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4 Tips for Creating a Successful Digital Transformation

There’s a lot riding on digital transformation. It could be the future of your business. However, the sheer velocity and invasive nature of digital disruption can be overwhelming to many organizations, as can piloting strategies to address it. Rather than keeping up with the status-quo, CEOs must act fast to get ahead of it.

Join your fellow CEOs at the Digital Transformation Summit, Dec. 8, 2015.

According to McKinsey & Company, digital capabilities will increasingly determine which companies create or lose value, and must commit to transforming themselves into full digital businesses. So how can leaders build a culture that fosters transformation, innovation and delivers digital dividends? Here are 4 suggestions.

1. Lead with a digital vision. Most organizations today employ a bottoms-up approach to their digital initiatives, often delegating them to IT or Marketing. Yet, only the top layer of a company can create a compelling vision of the future and communicate it throughout the organization. Digital leaders build digital into their overarching vision.

“It’s critical to align people, process and technology to foster innovation and relentlessly evolve to improve the customer experience across the entire value chain.”

2. Keep the customer at the center of your vision. Digital commerce is evolving at a faster pace than most organizations can respond to and customer expectations are accelerating right along with it. It is critical to align people, process and technology to foster innovation and relentlessly evolve to improve the customer experience across the entire value chain.

3. Be undaunted. Few organizations have been through business transformation, so this evolution is new territory for most leaders. The mantra to “continuously iterate and fail fast” is a new way of thinking for business leaders who have gained their experience in a traditional, non-digital, business model. Don’t become paralyzed by the potential cost of acquiring new technologies, eBusiness implementations, perceived conflicts between channels, operational challenges, etc. Simply stated, a digital transformation vision often involves reframing traditional methods of doing business. The challenge for CEOs is to lead this significant change while still overseeing the business and keeping maximum alignment with customers, suppliers and employees.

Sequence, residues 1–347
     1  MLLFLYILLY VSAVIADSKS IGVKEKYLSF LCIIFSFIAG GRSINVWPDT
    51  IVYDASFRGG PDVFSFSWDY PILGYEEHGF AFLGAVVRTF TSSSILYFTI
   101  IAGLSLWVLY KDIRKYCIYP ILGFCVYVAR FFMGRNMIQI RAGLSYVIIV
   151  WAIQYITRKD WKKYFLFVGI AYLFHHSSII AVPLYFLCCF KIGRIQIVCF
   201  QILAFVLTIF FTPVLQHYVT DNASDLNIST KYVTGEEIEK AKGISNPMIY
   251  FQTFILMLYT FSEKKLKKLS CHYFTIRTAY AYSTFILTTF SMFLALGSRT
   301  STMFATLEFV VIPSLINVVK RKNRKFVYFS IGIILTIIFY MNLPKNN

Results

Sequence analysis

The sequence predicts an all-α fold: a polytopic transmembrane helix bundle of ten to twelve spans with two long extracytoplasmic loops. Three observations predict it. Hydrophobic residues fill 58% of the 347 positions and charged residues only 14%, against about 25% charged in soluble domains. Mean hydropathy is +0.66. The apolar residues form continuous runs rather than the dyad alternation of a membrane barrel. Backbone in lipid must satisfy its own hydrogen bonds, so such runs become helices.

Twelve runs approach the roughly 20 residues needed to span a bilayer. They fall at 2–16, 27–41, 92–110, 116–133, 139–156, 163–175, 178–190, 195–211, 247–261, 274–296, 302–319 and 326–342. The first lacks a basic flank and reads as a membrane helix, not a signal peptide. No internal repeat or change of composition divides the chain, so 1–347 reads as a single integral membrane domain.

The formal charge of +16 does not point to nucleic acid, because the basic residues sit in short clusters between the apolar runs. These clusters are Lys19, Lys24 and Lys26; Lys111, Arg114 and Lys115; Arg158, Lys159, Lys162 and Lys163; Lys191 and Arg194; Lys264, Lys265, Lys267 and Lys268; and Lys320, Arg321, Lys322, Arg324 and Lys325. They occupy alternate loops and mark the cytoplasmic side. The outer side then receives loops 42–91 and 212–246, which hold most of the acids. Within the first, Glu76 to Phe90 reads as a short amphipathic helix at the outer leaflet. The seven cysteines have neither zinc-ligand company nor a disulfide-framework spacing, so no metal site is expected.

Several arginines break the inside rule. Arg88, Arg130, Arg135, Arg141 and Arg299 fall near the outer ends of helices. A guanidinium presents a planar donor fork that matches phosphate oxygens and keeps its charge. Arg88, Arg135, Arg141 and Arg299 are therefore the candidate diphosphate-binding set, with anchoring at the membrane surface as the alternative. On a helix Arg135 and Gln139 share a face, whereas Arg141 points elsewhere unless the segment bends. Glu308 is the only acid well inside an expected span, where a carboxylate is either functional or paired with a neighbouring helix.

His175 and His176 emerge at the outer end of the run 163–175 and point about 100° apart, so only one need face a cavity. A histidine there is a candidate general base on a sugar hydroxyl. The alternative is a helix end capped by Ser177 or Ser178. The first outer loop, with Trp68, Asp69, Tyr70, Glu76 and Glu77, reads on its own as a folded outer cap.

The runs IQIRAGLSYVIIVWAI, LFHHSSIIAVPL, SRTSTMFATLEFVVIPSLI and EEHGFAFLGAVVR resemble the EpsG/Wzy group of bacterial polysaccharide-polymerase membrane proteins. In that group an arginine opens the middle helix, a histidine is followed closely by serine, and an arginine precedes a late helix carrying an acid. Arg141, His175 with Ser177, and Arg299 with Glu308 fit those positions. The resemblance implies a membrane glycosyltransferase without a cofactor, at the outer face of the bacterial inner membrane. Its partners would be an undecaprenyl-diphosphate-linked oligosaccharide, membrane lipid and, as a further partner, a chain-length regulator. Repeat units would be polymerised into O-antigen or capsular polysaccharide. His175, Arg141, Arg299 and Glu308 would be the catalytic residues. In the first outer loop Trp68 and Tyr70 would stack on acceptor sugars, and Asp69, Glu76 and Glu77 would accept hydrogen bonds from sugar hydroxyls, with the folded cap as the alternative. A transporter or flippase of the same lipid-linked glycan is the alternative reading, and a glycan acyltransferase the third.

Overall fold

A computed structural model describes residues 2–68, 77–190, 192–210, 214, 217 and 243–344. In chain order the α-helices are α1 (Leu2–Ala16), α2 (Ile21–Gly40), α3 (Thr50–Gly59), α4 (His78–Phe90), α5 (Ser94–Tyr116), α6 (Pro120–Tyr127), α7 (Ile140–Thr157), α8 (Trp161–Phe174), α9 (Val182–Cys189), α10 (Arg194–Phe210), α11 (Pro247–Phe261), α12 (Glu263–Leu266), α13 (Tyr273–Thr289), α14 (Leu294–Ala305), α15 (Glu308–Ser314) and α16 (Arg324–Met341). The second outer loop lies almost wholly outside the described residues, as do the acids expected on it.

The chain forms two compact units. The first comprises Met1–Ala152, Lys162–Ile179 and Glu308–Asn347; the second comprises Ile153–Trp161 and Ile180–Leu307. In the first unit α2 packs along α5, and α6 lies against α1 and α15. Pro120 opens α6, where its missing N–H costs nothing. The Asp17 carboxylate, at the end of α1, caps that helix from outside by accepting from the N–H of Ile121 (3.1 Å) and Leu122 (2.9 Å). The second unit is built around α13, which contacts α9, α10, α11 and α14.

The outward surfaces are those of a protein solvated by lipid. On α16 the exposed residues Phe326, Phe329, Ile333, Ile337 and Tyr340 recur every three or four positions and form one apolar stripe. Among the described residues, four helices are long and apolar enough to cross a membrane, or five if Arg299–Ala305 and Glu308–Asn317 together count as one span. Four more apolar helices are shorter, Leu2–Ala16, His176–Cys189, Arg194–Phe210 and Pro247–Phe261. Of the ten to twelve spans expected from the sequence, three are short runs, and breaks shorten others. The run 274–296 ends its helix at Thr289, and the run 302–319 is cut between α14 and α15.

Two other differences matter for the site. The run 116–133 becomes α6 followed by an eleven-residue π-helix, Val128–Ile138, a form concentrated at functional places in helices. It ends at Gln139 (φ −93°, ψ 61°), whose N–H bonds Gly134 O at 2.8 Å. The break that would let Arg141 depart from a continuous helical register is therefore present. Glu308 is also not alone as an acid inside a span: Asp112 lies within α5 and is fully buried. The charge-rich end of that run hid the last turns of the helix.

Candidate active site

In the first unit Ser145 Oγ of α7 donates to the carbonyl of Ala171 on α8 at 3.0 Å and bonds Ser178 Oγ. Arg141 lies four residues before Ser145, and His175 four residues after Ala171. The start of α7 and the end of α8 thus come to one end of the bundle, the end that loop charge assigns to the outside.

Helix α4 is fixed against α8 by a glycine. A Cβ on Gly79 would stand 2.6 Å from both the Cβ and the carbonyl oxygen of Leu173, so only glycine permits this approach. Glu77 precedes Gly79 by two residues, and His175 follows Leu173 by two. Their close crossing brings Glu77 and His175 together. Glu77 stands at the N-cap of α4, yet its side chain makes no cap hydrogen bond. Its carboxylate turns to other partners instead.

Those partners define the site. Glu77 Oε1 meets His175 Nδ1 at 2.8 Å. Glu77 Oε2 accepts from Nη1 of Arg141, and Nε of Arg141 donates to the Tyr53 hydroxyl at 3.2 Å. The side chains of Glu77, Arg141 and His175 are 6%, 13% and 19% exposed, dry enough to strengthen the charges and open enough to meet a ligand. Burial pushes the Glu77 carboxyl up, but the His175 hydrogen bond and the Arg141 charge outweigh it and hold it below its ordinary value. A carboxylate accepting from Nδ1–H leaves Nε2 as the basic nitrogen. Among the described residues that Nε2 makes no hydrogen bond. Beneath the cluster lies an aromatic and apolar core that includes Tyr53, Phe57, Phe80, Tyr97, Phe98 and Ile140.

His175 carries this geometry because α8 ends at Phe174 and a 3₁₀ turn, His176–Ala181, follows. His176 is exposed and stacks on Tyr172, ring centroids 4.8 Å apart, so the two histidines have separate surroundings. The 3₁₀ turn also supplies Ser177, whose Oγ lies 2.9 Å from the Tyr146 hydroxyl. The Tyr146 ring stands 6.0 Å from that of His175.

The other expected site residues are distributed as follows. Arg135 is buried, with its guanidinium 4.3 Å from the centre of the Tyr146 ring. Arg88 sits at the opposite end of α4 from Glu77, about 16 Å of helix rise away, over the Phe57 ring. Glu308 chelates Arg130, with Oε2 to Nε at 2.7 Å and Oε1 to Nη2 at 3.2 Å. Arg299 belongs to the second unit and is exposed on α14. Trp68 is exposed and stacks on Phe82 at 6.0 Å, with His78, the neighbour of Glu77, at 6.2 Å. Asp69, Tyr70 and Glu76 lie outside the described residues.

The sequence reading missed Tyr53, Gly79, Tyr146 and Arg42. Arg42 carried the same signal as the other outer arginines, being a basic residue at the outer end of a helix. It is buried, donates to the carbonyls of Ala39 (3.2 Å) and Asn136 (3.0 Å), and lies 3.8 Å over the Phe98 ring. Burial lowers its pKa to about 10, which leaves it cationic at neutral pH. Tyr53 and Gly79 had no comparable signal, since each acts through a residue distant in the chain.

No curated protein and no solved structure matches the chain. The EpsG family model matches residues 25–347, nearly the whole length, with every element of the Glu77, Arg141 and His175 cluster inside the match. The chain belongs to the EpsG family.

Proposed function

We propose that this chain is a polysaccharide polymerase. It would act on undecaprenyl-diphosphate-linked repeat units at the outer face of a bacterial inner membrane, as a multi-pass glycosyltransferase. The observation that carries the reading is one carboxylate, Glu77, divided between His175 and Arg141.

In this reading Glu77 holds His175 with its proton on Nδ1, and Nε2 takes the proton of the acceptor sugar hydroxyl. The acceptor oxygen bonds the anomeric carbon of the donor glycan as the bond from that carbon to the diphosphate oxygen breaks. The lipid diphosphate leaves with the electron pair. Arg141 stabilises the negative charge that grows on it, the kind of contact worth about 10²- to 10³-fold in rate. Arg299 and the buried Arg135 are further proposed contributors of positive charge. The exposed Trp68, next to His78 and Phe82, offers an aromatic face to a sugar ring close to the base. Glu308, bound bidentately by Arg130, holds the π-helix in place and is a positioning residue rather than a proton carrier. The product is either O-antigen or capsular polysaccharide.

4. Realize this is a journey, not a project. Digital business transformation is a multi-year corporate-wide effort, requiring resources to support the strategy, execution and continued evolution. And, once you achieve your goal(s), you should set new ones. Technology advancements are ongoing and your customer behavior is always changing. Your company should never stop working to stay ahead. 

Joe Nettemeyer, CEO of Valin Corporation, has led efforts to transform Valin from a traditional ‘pick, pack and ship’ distributor to a valued single-source solution center. In 2001, after just 120 days as CEO of Valin, the dot-com bubble burst and the business went from a $75 million company to a $25 million company. After finding itself operating in a market with a narrow band of products and tremendous price and margin pressure, the company knew its choices were limited: either change or cease to exist.

The transition from a focus on transactional business to value-add business resulted in a six-fold increase in company value over the last five years, leading Valin to embrace an aggressive digital transformation strategy to continue its evolution.

Valin understood that to make its e-business vision a reality would require full participation from the entire organization. To do this, Valin built a cross-departmental team to work with its e-commerce vendor to formulate its digital transformation vision. Once the vision was created, the next step was planning and implementation. Valin put together a comprehensive digital strategy and an investment roadmap, understanding that building a new application infrastructure is a long-term project and demanded a phased approach with milestones.

To better understand the ROI of its e-business implementation, Valin projected the expected business benefits over a three-year period, and calculated a three-year payback on its new e-commerce platform. For Valin, it was no longer about if the company should invest in building an e-business business structure; it was imperative for the company to build a digital strategy and investment roadmap to sustain its business over the next five to10 years.

Under Nettemeyer’s direction, the cross-departmental team worked to identify and correct process inefficiencies to align the business with its e-business strategy. The amount of collaboration needed to implement this strategy resulted in the breaking down of many departmental silos.

The secret of Valin’s success? Nettemeyer embodied the key principle that CEOs must embrace in today’s digital age: Challenge everything. Leaders must resist the centrifugal force of legacy thinking and the perceived safety of the status-quo; instead CEOs should view these disruptive times as a unique opportunity to reinvent their business and operating models to achieve new exponential growth.



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